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China Institute Launches New Film Program with Two Classics from the 1940s:

China Institute Launches New Film Program with Two Classics from the 1940s:

Feb. 4, 2019 By Aaron Nicholson

On January 16, China Institute launched The Film Society at China Institute, a series of programs for Sinophiles and Cinephiles to join us in exploring the diverse and dynamic world of Chinese film.

When China Institute moved to our new downtown home in 2015, we uncovered boxes of old films that hadn’t been shown at the Institute in many years- some for decades. This year, we catalogued the films, and hope to use this new series to share many of them with our members and friends. The discovery led to the creation of this new series which will screen a pair of films from our archive and other sources that are thematically connected.

The first two films, Myriads of Lights (万家灯火) and Crows and Sparrows (乌鸦与麻雀) are from 1948 and 1949 respectively, and are both standout films from what is known as the Second Generation of Chinese cinema.

The “Second Generation” refers to filmmakers who were active in 1930s and 1940s, a period of great political upheaval in China. Throughout these two decades, the Nationalists and the Communists fought a civil war for power, which included a struggle to exert control over the country’s major film studios to be used for propaganda. The biggest contribution of this generation of filmmakers, was their help in executing a transfer from silent films, to films that included sound, ushering in what is believed to be China’s first cinematic golden age. Artistically, films from this era are heavily influenced by “realism,” a movement that focused on the real lives of ordinary people.

Set during the turbulent years of China’s second Civil War, the family saga Myriads of Lights recounts the heart-wrenching story of Hu Zhiqing and his family struggling to live through those difficult times in Shanghai. At the outset, the father Hu Zhiqing lives a modest but decent life in the city with his wife Lan Youlan and daughter Ni Ni. However, the status quo becomes hard to maintain as domestic inflation starts to spiral out of control.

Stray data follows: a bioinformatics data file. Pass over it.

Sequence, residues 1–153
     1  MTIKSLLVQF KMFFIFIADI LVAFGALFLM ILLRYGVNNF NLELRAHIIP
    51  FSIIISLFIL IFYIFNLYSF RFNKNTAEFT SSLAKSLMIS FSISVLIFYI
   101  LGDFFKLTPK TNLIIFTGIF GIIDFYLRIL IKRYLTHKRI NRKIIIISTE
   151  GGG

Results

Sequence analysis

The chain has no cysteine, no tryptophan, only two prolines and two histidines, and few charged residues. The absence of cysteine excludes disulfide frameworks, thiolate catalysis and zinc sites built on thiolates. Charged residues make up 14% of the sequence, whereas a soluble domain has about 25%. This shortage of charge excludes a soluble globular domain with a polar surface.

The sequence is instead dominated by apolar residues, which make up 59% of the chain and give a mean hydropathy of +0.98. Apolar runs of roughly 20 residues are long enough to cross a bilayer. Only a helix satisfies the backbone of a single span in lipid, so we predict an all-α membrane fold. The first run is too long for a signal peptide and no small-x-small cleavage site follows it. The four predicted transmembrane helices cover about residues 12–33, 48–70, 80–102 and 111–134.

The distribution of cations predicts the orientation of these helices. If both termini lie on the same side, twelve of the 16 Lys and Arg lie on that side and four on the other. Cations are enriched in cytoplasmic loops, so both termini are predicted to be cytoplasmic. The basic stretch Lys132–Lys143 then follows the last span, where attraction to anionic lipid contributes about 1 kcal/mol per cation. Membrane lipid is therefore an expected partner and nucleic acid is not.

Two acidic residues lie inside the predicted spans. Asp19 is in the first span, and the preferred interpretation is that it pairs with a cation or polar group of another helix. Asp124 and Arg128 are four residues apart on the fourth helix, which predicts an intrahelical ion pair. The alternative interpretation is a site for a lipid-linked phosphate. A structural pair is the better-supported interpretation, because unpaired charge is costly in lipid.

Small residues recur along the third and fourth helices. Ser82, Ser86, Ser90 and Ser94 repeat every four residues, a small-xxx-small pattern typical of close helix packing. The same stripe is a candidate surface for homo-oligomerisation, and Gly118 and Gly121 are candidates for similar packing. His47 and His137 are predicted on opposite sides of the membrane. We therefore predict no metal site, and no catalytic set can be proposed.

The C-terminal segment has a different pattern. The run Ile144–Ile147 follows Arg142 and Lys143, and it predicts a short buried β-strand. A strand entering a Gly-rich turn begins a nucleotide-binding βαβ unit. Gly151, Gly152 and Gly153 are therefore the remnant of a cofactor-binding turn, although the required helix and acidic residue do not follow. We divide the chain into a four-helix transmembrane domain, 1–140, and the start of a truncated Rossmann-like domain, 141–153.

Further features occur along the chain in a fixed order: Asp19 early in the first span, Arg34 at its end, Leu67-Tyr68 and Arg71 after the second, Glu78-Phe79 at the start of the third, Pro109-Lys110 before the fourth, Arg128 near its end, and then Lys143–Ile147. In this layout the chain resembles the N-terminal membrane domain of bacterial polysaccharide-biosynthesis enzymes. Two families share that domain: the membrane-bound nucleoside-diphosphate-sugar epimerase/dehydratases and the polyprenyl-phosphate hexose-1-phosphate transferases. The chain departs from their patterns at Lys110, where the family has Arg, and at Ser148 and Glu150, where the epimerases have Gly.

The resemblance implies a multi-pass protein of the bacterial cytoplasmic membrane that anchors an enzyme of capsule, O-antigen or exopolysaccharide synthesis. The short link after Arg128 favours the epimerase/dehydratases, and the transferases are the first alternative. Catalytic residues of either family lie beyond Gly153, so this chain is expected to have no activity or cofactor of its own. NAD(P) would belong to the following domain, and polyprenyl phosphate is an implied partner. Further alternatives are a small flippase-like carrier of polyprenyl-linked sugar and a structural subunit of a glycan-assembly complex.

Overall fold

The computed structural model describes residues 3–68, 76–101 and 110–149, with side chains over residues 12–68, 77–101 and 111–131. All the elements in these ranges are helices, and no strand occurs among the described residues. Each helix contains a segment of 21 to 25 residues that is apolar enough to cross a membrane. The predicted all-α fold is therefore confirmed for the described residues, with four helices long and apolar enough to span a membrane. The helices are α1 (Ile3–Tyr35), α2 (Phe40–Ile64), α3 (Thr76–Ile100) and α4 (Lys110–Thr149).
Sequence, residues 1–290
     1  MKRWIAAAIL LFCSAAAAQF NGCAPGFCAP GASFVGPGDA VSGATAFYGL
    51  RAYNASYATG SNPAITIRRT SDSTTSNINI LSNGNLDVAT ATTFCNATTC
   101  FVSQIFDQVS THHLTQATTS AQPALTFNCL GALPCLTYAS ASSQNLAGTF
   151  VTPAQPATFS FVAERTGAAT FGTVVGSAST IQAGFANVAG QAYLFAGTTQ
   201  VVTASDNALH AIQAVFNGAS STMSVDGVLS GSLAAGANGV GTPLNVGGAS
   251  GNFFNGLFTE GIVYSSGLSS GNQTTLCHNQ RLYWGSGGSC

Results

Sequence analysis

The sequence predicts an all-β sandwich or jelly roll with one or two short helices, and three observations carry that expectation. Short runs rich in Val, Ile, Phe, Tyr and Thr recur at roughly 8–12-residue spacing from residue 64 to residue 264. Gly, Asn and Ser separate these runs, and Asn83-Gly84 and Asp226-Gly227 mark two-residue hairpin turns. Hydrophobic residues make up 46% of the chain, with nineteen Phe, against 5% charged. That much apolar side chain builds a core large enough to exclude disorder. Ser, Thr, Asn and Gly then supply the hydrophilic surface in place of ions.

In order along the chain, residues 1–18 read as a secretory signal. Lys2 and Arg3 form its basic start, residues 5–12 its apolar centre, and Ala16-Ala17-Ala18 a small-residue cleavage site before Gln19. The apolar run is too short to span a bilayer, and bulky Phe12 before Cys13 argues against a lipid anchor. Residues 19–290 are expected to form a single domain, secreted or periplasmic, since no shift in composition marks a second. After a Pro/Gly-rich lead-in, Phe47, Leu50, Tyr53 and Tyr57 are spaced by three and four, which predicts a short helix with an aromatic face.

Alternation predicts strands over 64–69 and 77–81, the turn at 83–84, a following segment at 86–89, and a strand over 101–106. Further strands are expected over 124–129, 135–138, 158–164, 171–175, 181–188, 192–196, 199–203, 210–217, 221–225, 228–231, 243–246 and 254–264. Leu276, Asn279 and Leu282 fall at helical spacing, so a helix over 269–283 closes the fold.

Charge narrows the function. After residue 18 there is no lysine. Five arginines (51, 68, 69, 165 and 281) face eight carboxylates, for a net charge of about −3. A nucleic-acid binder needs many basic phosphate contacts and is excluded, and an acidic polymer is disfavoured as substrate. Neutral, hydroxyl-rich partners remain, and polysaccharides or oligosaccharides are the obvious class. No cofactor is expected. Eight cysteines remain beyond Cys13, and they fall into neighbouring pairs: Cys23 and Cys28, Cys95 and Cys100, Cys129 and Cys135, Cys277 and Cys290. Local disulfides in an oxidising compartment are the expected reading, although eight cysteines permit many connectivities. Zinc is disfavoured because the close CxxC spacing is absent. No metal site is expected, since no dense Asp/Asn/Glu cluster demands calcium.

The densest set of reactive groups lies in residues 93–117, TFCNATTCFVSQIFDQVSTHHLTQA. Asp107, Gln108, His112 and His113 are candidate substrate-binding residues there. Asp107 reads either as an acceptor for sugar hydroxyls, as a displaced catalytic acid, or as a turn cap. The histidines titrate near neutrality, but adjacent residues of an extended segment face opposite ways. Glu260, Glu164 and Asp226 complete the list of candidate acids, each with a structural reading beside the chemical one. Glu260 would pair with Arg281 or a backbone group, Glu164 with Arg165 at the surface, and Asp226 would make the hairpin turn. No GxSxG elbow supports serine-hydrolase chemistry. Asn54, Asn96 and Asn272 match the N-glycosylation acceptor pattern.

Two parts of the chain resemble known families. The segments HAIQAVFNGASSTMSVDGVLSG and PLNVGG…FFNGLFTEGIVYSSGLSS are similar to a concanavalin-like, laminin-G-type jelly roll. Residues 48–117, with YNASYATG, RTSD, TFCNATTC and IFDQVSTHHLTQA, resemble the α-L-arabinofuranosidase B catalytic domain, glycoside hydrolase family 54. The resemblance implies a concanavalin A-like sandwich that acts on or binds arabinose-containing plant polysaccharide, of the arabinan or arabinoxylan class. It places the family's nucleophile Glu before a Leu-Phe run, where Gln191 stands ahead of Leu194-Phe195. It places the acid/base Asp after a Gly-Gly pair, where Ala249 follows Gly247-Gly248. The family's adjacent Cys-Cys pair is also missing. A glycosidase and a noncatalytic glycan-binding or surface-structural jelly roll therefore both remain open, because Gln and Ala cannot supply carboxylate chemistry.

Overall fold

In Crowns and Sparrows, which is set during the same time period, a corrupt Nationalist (KMT) official, Hou Yibo, forcibly takes over an apartment building from its original owner, Kong Youwen. As the defeat of the KMT is about to take place, Hou attempts to sell off the property to profit one last time before he escapes to Taiwan. His tenants, including Mr. Kong, Mrs. Xiao, Little Broadcast and Mr. Hua and his wife, have to find ways to avoid being thrown onto the street.

Both films feature Shangguan Yunzhu, a Chinese actress active from the 1940s to the 1960s who was considered one of the most talented and versatile actresses in China. She was said to have had an affair with Mao Zedong, for which she was severely persecuted by the followers of Mao’s wife Jiang Qing during the Cultural Revolution.

Myriads of Lights was introduced by Aliza Ma, the head of programming at Metrograph, a Manhattan art-house movie theater.

Crows and Sparrows was introduced by Zheng Dali (郑大里) is a research assistant at Weatherhead East Asian Institute at Columbia University, whose father, Zheng Junli (郑君里), was the film’s director. According to Zheng, his father would be “deeply honored by the group gathered to view his film, almost 70 years after the film was completed.” Following the screening, we were joined by Richard Peña, a Professor of Film Studies at Columbia University, and former Program Director of the Film Society of Lincoln Center and the Director of the New York Film Festival, who led a discussion about the film with the audience.

Professor Peña replayed key scenes from the film to show ways in which the film reflected the complex political dynamics of the ongoing Chinese revolution. According to Peña, the tenants living in different floors of the house in the film are allegorical of the hierarchy of Chinese society. At the top of the house, a rich KMT official lived, and extracted rent from the tenants below. Below him, the school teacher represents learned intellectuals, and on the bottom, the merchants and an older tenant, Mr. Kong, together form the petty bourgeoisie. Over the course of the film the official and his wife ousted, and the tenants take over the home, mirroring the fall of the KMT, and the rise of the masses that fueled China’s Communist takeover.

The Film Society will continue in February with Screenings of The Good Earth on February 13, and The Last Emperor on February 27.



Learn more about further public events at China Institute: www.chinainstitute.org/events

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